Wednesday, August 29, 2007

Hilly Kristal, RIP

From the NYTimes today:

Hilly Kristal, a Rock Midwife, Is Dead at 75

Hilly Kristal, who founded CBGB, the Bowery bar that became the cradle of punk and art-rock in New York in the 1970s and served as the inspiration for musician-friendly rock dives throughout the world, died in Manhattan on Tuesday. He was 75.

His son, Mark Dana Kristal, told The Associated Press that the cause was complications from lung cancer.

From its opening in late 1973, when Mr. Kristal, a lover of acoustic music, gave the club its name, an abbreviation of the kinds of music he originally intended to feature there — country, bluegrass and blues — until a dispute with its landlord forced the club to close last October, CBGB presented thousands of bands within its eternally crumbling, flyer-encrusted walls.

Most famously, it served as the incubator for the diverse underground scene of New York in the 1970s and early ’80s, with acts like the Ramones, Patti Smith, Blondie, Television, Talking Heads and Sonic Youth playing some of their earliest and most important concerts there, at a time when there were few outlets in the city for innovative rock music.

“There was no real venue in 1973 for people like us,” Ms. Smith said today. “We didn’t fit into the cabarets or the folk clubs. Hilly wanted the people that nobody else wanted. He wanted us.”

Besides his son, Mr. Kristal is survived by a daughter, Lisa Kristal Burgman, and two grandchildren.

This is very sad news indeed.

Hilly was a genuinely great guy. Hell, he'd have to be to have let my lame-ass band play there on multiple occasions in the 70s.

Boy, do I feel old today....


Kid Charlemagne said...

I made my first and only pilgrimage to the Bowery in Spring of 1980. We caught Richard Lloyd who was playing stuff from his "Alchemy" LP. Great show. Same trip we say Killing Joke and the Senders at Max's KC.

steve simels said...

CBs had the scariest bathrooms that Larry Craig never went to, but it was magic nonetheless.

Cleveland Bob said...

Steve's correct...that bathroom was an OMuthaFUGger

Anonymous said...

Thank your Y chromosome, boys: The ladies room toilets never had seats when I was there.

I can see why he packed in the rent fight--he had a bigger issue to take on.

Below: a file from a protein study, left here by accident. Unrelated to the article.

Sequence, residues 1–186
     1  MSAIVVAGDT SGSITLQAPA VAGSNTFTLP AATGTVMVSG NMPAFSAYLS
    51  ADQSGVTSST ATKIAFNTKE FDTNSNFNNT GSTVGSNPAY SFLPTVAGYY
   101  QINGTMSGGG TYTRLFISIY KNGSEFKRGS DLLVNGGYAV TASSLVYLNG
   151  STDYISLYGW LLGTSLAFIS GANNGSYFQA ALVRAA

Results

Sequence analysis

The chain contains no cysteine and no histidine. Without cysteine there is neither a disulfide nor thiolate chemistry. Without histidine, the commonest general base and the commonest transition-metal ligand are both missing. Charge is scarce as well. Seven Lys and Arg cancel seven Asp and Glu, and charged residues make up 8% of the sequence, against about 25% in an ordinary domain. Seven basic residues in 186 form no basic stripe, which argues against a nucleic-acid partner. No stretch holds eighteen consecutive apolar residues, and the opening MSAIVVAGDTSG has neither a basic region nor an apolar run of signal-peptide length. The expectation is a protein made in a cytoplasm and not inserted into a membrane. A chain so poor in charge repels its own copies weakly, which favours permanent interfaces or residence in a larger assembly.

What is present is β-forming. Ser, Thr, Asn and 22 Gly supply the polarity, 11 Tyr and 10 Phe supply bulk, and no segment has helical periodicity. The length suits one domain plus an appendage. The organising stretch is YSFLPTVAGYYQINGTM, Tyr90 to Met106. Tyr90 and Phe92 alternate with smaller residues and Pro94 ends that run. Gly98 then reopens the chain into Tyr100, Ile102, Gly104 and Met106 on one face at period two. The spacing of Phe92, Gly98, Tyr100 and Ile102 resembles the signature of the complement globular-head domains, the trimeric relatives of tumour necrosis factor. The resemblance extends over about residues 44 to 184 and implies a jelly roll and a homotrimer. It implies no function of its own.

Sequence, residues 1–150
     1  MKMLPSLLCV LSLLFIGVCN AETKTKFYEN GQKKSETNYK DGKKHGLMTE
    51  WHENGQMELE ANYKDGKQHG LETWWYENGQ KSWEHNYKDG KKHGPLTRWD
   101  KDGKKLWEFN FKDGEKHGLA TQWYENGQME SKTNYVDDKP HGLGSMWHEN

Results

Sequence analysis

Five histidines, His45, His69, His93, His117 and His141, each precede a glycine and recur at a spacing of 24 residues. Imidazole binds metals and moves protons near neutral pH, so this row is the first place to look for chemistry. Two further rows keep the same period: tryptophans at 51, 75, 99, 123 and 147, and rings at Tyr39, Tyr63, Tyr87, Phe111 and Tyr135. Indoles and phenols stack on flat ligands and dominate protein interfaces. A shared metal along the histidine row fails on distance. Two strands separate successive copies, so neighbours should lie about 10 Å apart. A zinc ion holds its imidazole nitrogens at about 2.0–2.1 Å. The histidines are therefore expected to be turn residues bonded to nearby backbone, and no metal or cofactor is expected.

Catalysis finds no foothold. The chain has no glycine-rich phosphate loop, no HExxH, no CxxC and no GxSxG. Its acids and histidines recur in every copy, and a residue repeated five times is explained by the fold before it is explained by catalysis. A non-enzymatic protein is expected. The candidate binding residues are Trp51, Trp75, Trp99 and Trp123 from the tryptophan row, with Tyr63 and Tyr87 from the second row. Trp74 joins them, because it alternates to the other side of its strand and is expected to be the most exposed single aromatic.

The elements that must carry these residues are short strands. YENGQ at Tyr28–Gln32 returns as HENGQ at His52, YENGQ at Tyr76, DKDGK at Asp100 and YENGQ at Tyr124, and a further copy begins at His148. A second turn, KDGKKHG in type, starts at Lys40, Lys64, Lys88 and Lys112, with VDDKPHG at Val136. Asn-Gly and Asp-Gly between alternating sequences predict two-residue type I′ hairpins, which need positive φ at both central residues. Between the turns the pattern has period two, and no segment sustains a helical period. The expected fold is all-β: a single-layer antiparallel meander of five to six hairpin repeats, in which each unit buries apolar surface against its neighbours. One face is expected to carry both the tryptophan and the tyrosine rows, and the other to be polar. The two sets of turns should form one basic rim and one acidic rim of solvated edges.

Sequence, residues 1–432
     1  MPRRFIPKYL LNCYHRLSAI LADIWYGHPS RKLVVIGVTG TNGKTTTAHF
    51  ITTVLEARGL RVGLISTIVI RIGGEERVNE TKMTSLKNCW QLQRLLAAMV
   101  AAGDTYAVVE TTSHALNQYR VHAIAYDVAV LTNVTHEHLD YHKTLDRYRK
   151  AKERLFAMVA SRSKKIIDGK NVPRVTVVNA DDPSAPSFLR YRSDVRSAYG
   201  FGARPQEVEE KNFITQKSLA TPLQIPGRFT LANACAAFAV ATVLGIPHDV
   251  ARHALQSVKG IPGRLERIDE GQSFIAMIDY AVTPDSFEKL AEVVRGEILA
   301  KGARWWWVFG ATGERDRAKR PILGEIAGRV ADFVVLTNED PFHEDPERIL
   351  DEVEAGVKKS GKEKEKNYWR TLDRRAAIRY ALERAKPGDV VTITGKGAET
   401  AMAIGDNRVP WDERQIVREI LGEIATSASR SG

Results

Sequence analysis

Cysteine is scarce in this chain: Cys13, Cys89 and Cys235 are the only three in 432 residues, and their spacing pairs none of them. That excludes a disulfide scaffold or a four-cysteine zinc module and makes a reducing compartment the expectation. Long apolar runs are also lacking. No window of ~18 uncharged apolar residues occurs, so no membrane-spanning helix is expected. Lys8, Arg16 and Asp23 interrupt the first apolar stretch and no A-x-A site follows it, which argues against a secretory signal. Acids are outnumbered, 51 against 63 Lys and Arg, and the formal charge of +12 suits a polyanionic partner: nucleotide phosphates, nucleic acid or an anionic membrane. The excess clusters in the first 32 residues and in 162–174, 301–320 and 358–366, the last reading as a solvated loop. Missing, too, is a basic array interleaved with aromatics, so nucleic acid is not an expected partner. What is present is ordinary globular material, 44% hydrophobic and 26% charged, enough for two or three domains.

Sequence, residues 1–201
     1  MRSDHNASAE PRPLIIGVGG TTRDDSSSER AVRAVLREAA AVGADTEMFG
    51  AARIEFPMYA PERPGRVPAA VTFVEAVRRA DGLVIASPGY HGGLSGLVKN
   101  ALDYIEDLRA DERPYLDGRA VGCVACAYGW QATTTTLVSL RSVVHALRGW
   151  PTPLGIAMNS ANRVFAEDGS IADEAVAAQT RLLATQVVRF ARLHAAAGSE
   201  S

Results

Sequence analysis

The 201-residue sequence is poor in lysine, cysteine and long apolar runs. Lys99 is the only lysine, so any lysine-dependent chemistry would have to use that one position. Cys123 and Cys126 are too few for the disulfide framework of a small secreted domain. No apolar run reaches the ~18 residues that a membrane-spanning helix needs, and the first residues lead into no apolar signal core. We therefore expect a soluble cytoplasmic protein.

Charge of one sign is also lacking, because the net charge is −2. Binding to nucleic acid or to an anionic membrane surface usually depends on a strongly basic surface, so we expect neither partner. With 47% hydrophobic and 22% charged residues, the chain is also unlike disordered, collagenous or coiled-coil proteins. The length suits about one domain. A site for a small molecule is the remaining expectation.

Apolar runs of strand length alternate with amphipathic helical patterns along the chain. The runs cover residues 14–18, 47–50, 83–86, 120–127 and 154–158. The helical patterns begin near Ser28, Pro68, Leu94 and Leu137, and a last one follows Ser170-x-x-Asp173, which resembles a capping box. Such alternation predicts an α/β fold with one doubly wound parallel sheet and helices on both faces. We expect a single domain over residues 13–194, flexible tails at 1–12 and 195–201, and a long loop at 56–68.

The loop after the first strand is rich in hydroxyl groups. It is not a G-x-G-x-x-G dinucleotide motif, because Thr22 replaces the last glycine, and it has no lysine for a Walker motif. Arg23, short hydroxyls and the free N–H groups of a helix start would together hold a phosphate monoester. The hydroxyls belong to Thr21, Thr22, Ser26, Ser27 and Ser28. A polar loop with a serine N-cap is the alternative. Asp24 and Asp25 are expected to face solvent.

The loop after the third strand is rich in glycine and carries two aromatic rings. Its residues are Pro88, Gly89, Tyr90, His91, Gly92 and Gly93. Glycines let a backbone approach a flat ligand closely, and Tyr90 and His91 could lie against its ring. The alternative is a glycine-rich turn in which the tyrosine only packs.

--NYM, @ work

Anonymous said...

He was a great guy and I'll miss him.

Bobby Sutliff

steve simels said...

Whoa -- Bobby Sutliff as in the Windbreakers?

As in

If so, an honor to have you here.

Anonymous said...

Hey Steve,

God forbid there would be someone else stuck with that moniker. BTW - were you the guy who gave me such a splendid review in Stereo Review all those years ago?


steve simels said...

Bobby --

I don't recall specifically if I wrote that review -- it might have been my pal Parke Puterbaugh -- but I definitely really liked at least one Windbreakers album.

I looked at your website, and there's no new news. I assume there is some, but you've just not posted it?

BTW -- How did you find the site?

Anonymous said...

IIRC, when I was there, near the end, the ladies' room had seats but no doors. Plenty of soap and hot water, though.

It's just so sad that the club didn't outlive Hilly. For some curmudgeonly reason, passing the tourist trap on St. Mark's Place that sells CBGB's memorabilia really bugs me, the same way that renaming Irving Plaza "The Fillmore" bugs me. I feel like the whole era is being co-opted ...

steve simels said...

Irving Plaza is now The Fillmore?

What the frack is up with that?

BTW, it's kind of unsettling that suddenly everywhere you go you see people wearing either Ramones or CBGBs t-shirts.

Anonymous said...

Yes, to both your comments. The Fillmore. Right. Sure. Uh-huh.

I was very unsettled by the punk movement, but pseudonostalgia for it is even more unsettling.

I felt the same way about the "Summer of Love" show at the Whitney ... it was like I was in a psychedelia shopping mall in Paramus. It had all the superficial trappings, but was sadly bland. Maybe the curator should have done some acid first.